The Republicans’ urban problem
In a post-election interview with the Milwaukee Journal-Sentinel, Paul Ryan, chairman of the House Budget Committee and the GOP’s 2012 vice presidential nominee, said “the president should get credit for achieving record-breaking turnout numbers from urban areas for the most part, and that did win the election for him.” Ryan’s critics noted that President Barack Obama also fared well in states like Iowa, where the urban vote is relatively small. Some even suggested that Ryan’s remarks were a kind of racial code, in which “urban areas” served as a stand-in for black and Latino voters. Yet Ryan’s observation speaks to a deeper truth that should trouble Republicans.
Although rural regions dominate the map of the contiguous United States, an overwhelming majority of Americans live in urban and suburban areas. Democrats have long dominated dense urban cores. But Democrats increasingly dominate dense inner suburbs—as opposed to sprawling outer suburbs, where Republicans still hold their own—as well, and the share of the population concentrated in dense suburban counties is steadily increasing. This is true not only among Latino, black, and Asian voters living in these communities, but of white voters as well.
Consider, for example, the political trajectory of Fairfax County in northern Virginia, a dense suburban county with a population of 1.1 million that lies just across the Potomac from Washington, D.C. As recently as 2000, the GOP presidential candidate George W. Bush won Fairfax with 48.9 percent of the vote to Al Gore’s 47.5 percent. In 2004, though, Bush lost Fairfax to John Kerry 45.9 percent to 53.3 percent. Barack Obama won Fairfax by an overwhelming 60.1 percent in 2008, and he won it again by an only slightly less overwhelming 59 percent in 2012. One of the most striking numbers from Fairfax is that George W. Bush’s winning vote total in 2000 — 202,181 — is an eerily close match for Mitt Romney’s losing total in 2012 — 206,733. It just so happens that Obama won 315,273 votes in 2012. And Fairfax is hardly alone. Orange County, California—once a hotbed of Goldwaterite conservatism—backed Mitt Romney by 51.9 percent of the vote, a sharp decline from the 55.8 percent support George W. Bush received in 2000. You’ll find the same pattern in Wake County, North Carolina, DuPage County, Illinois and Jefferson County, Colorado and other populous inner suburban counties across the country. In The Emerging Democratic Majority, John Judis and Ruy Teixeira referred to these communities as post-industrial “ideopolises,” in which economic life revolves around college-educated professionals working in knowledge-intensive services and the less-skilled workers who meet their various needs.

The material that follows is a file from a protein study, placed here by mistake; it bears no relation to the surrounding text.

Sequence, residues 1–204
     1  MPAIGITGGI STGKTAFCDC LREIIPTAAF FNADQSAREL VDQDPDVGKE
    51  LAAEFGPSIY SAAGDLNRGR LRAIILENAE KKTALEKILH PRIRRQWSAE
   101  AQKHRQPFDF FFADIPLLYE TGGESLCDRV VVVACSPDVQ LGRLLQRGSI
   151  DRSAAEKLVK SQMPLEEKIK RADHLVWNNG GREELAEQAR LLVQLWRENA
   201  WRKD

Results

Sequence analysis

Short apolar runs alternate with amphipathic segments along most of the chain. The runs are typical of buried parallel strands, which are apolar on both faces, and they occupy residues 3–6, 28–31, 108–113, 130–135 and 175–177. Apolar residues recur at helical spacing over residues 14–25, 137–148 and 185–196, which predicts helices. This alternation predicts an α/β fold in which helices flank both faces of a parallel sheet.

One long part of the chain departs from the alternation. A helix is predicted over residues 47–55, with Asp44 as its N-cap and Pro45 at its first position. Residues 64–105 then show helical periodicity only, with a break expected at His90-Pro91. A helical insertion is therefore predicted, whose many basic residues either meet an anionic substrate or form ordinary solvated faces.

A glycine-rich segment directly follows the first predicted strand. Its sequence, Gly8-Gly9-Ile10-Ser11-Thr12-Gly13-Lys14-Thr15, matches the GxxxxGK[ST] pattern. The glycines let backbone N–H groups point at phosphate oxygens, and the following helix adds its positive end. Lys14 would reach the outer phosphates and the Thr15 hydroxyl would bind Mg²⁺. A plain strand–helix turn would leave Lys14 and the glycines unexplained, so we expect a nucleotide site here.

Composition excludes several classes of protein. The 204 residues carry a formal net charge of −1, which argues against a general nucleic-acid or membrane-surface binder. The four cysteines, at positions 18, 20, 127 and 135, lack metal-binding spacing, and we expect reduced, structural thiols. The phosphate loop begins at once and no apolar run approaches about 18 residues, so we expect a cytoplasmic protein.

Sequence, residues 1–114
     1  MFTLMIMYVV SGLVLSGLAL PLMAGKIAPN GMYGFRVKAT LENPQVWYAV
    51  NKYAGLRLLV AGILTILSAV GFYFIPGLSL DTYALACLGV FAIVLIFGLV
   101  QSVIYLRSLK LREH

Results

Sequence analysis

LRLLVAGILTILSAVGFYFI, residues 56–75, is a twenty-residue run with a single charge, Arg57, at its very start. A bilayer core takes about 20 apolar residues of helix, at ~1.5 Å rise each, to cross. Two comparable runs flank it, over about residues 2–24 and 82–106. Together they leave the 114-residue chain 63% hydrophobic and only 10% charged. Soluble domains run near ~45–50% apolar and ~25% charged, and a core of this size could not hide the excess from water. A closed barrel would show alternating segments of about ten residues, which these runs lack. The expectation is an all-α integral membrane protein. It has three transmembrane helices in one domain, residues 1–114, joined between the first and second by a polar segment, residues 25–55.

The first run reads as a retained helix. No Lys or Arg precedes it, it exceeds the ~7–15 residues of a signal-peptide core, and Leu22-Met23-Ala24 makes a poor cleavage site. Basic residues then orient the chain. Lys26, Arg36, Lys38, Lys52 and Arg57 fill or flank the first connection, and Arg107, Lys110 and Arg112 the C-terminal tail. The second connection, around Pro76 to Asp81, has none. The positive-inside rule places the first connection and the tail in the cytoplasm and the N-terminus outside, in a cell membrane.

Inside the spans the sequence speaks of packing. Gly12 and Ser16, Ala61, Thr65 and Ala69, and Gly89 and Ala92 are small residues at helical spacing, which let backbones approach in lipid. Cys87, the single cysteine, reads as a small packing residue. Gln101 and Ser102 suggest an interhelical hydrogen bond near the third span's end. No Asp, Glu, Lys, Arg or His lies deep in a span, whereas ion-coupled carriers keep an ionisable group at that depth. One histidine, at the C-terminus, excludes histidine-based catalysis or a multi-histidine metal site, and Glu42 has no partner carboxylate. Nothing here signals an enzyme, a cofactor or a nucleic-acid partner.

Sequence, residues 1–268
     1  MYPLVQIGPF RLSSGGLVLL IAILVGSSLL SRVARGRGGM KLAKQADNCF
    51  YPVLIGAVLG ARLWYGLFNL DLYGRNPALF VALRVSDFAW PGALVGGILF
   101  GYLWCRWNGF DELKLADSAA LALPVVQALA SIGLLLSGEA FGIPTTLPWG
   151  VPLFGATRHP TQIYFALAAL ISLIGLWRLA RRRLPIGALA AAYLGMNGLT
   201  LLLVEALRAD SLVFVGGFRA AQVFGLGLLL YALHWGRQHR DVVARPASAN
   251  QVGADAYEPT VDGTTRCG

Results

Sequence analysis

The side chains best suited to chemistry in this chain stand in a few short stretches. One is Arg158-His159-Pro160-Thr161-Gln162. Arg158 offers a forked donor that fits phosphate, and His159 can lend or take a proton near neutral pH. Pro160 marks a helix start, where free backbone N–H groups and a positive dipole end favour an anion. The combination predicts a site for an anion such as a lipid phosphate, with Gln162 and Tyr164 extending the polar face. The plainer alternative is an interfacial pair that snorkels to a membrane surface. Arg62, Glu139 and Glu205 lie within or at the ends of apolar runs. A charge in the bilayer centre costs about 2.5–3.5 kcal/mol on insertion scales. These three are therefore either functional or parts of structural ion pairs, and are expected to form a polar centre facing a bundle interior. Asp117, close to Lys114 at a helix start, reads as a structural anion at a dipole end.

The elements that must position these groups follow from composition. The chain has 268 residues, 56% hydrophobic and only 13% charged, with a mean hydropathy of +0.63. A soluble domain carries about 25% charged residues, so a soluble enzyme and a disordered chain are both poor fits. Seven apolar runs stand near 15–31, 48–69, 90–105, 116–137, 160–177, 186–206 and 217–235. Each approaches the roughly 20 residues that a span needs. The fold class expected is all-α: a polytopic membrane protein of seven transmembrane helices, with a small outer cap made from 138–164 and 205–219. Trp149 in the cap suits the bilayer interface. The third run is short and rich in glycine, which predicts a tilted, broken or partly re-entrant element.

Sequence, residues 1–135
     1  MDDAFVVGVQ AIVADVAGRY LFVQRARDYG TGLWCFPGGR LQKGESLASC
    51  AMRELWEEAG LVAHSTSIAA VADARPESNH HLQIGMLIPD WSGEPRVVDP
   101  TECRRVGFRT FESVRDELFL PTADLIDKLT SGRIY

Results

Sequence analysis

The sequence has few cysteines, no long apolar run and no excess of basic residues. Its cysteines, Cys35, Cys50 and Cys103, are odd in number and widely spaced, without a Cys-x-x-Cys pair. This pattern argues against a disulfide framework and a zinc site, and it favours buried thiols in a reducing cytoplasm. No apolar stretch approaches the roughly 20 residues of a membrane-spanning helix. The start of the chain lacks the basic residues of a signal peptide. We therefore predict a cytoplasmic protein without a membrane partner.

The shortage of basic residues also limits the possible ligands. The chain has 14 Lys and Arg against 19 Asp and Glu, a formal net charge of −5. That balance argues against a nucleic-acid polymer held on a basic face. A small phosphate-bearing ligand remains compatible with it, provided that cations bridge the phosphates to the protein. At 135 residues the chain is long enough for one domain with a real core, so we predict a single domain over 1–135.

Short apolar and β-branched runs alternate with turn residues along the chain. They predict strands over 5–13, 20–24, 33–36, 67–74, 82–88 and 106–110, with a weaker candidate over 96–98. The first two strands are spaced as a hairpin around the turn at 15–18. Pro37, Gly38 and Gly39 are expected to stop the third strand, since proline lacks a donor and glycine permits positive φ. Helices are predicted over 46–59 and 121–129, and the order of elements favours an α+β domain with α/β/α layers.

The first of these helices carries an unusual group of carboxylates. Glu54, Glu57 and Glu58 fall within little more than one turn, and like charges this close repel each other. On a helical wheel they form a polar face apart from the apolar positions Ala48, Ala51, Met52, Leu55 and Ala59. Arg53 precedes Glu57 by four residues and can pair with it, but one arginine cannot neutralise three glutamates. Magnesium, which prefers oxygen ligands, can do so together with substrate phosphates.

Rather than fixate on ethnicity, conservatives would do well to think more about urbanity. What is it about life in America’s densest, most productive, and most economically stratified metropolitan areas that persuades voters to back Democrats? When this phenomenon was limited to the populous coastal metropolitan areas, it could reasonably be explained away as a product of regional political polarization. But the leftward trend in urban areas is chipping away at the GOP’s advantage in the South and the Mountain West as well.
Among conservatives, there is a broad post-election consensus that America’s demographic transformation represents a serious challenge for a Republican Party that is disproportionately backed by white Anglos and voters over the age of 65. Thus many on the right have called on congressional Republicans to embrace comprehensive immigration reform as part of a larger effort to woo Latino voters. The pushback has been that Latino voters tend to be less affluent and more likely to rely on anti-poverty programs such as SNAP and Medicaid, and so it is hardly surprising that they are more inclined to support Democrats. What is more striking, however, is that Asian-American voters, a relatively affluent group, favored Obama by 73 percent to 26 percent. One possible explanation is that Asian-Americans are heavily concentrated in dense coastal regions, where they vote much like white Anglos with similar educational profiles and religious beliefs. That is, secular college-educated Asian Americans appear to be about as hostile to the GOP as secular college-educated white Anglos, which is to say very much so.